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Effect of Allowing Choice of Diet on Weight Loss: A Randomized TrialEffect of Allowing Choice of Diet on Weight Loss

William S. Yancy Jr., MD; Stephanie B. Mayer, MD; Cynthia J. Coffman, PhD; Valerie A. Smith, DrPH; Ronette L. Kolotkin, PhD; Paula J. Geiselman, PhD; Megan A. McVay, PhD; Eugene Z. Oddone, MD; and Corrine I. Voils, PhD
[+] Article, Author, and Disclosure Information

From the Center for Health Services Research in Primary Care, Department of Veterans Affairs, and Duke University Medical Center, Durham, North Carolina; Virginia Commonwealth University, Richmond, Virginia; Sogn og Fjordane University College and Førde Central Hospital, Førde, Norway; Vestfold Hospital Trust, Tønsberg, Norway; and Pennington Biomedical Research Center, Louisiana State University, Baton Rouge, Louisiana.

Note: Drs. Coffman and Smith conducted the data analysis. Drs. Yancy and Coffman, who are affiliated with the Durham VAMC and Duke University Medical Center, had full access to all of the data in the study and take responsibility for the integrity of the data and the accuracy of the data analysis.

Disclaimer: This article is the result of work done with resources and the use of facilities at the Durham VAMC. The views expressed in this article are those of the authors and do not necessarily reflect the position or policy of the Department of Veterans Affairs, the U.S. government, Duke University, Pennington Biomedical Research Center, Louisiana State University, or Virginia Commonwealth University.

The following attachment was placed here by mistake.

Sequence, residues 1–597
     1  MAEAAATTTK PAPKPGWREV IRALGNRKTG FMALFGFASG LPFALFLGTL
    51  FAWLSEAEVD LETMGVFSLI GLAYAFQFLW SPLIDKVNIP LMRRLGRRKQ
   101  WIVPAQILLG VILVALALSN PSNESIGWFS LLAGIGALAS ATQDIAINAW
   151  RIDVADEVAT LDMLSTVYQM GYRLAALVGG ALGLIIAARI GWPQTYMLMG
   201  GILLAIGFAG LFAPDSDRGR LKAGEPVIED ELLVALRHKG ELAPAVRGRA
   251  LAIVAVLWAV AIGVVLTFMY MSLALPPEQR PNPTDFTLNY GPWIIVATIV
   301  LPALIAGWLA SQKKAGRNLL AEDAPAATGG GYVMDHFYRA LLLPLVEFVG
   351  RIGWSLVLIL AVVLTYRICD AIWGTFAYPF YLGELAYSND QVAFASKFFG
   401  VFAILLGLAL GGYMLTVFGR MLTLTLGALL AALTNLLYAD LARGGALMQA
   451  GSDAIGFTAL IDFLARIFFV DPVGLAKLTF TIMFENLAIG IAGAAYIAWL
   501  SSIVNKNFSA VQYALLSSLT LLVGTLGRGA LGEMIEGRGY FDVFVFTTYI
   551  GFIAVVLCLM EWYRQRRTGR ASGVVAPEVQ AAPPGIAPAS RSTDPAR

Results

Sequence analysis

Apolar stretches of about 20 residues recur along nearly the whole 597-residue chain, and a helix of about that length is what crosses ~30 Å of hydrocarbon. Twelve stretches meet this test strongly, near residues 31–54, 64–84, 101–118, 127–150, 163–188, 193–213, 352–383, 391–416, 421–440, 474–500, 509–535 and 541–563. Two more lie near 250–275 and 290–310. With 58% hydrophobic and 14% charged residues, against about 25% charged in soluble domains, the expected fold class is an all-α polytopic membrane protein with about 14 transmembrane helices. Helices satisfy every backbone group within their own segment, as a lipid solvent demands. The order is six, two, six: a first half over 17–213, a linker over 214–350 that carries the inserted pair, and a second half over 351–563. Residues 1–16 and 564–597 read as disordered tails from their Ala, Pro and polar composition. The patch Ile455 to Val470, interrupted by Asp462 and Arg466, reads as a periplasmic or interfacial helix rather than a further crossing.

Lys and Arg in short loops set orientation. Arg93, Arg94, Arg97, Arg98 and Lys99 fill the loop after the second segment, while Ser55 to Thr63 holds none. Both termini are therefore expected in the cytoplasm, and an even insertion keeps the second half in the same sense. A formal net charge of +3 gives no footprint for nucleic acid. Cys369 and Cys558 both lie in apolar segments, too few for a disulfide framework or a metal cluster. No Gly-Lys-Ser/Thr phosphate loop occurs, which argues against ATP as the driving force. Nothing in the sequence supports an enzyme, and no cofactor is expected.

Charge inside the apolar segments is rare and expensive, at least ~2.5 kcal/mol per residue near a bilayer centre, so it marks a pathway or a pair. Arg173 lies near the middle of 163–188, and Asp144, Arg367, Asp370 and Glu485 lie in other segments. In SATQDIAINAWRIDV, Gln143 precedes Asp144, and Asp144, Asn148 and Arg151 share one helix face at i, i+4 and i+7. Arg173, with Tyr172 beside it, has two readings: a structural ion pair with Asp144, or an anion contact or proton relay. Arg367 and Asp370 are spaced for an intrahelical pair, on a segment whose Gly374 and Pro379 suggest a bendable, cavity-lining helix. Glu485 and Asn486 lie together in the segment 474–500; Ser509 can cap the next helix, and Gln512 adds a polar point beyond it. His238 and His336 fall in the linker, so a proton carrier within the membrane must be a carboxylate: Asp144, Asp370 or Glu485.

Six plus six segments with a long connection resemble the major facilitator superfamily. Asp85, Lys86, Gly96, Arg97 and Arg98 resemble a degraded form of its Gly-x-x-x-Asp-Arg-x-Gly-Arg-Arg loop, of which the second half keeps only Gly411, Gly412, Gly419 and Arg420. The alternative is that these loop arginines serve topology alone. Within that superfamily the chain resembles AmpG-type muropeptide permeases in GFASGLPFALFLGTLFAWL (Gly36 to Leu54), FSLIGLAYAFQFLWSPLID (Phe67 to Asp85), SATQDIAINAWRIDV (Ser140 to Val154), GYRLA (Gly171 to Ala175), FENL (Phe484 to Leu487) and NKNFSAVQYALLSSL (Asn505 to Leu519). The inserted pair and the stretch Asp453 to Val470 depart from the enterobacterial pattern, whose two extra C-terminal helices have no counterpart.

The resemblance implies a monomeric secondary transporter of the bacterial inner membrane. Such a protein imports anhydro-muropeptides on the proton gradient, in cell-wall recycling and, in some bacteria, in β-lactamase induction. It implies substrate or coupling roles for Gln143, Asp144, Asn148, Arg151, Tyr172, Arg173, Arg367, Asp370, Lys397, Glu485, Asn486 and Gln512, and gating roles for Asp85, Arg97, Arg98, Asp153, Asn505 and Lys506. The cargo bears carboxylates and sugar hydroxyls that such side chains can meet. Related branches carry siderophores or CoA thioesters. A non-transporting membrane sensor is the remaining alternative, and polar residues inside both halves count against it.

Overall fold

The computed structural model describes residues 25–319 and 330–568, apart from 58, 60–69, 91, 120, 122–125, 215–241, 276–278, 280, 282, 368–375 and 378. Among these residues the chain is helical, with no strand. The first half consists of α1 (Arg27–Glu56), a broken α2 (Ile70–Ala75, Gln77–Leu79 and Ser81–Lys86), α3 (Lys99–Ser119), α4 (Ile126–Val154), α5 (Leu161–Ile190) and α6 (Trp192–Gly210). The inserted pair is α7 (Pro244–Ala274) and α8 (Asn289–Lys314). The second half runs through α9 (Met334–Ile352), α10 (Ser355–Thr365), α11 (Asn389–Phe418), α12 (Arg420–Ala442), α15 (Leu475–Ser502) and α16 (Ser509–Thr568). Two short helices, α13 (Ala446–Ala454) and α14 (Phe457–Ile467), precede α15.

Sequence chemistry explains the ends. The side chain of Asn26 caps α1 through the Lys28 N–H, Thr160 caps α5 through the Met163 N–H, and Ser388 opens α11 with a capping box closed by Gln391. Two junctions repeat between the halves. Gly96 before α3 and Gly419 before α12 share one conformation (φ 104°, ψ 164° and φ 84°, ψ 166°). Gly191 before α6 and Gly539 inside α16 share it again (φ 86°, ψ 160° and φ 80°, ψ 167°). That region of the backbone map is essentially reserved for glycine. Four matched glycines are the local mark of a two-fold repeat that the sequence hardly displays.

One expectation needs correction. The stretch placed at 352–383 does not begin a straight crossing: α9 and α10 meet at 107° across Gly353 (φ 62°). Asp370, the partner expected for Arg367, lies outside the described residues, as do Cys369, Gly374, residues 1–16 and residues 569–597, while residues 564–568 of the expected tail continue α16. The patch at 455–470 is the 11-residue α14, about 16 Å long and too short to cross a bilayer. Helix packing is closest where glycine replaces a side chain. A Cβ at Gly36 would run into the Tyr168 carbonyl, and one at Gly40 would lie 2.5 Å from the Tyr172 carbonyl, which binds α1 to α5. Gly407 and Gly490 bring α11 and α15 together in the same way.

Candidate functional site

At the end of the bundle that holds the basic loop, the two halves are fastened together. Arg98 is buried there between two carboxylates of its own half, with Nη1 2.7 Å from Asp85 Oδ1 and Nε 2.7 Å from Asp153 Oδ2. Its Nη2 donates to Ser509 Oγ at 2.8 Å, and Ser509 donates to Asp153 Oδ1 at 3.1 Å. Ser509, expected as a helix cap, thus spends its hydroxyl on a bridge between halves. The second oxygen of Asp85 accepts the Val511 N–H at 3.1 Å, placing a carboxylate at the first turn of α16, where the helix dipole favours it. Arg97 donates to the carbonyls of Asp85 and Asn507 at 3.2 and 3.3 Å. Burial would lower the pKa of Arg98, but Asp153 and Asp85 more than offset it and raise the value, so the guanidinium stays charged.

Acknowledgment: The authors thank Marsha Turner, Leslie Gaillard, Terry Ervin, and Jahdai Dawes for their assistance in delivering the intervention and collecting data.

Grant Support: By the Department of Veterans Affairs (IIR 09-381).

Disclosures: Dr. Yancy reports grants from the Department of Veterans Affairs during the conduct of the study and personal fees from Nutrisystem and the University of Pennsylvania outside the submitted work. Dr. Smith reports a grant from the Department of Veterans Affairs during the conduct of the study. Dr. Kolotkin reports personal fees from the Department of Veterans Affairs Health Services Research & Development during the conduct of the study and a patent with royalties paid for the Impact of Weight on Quality of Life-Lite questionnaire. Dr. Geiselman reports an honorarium from the Department of Veterans Affairs during the conduct of the study and royalties from the Pennington Biomedical Research Center of Louisiana State University for intellectual property. Authors not named here have disclosed no conflicts of interest. Disclosures can also be viewed at www.acponline.org/authors/icmje/ConflictOfInterestForms.do?msNum=M14-2358.

Editors' Disclosures: Christine Laine, MD, MPH, Editor in Chief, reports that she has no financial relationships or interests to disclose. Darren B. Taichman, MD, PhD, Executive Deputy Editor, reports that he has no financial relationships or interests to disclose. Cynthia D. Mulrow, MD, MSc, Senior Deputy Editor, reports that she has no relationships or interests to disclose. Deborah Cotton, MD, MPH, Deputy Editor, reports that she has no financial relationships or interest to disclose. Jaya K. Rao, MD, MHS, Deputy Editor, reports that she has stock holdings/options in Eli Lilly and Pfizer. Sankey V. Williams, MD, Deputy Editor, reports that he has no financial relationships or interests to disclose. Catharine B. Stack, PhD, MS, Deputy Editor for Statistics, reports that she has stock holdings in Pfizer.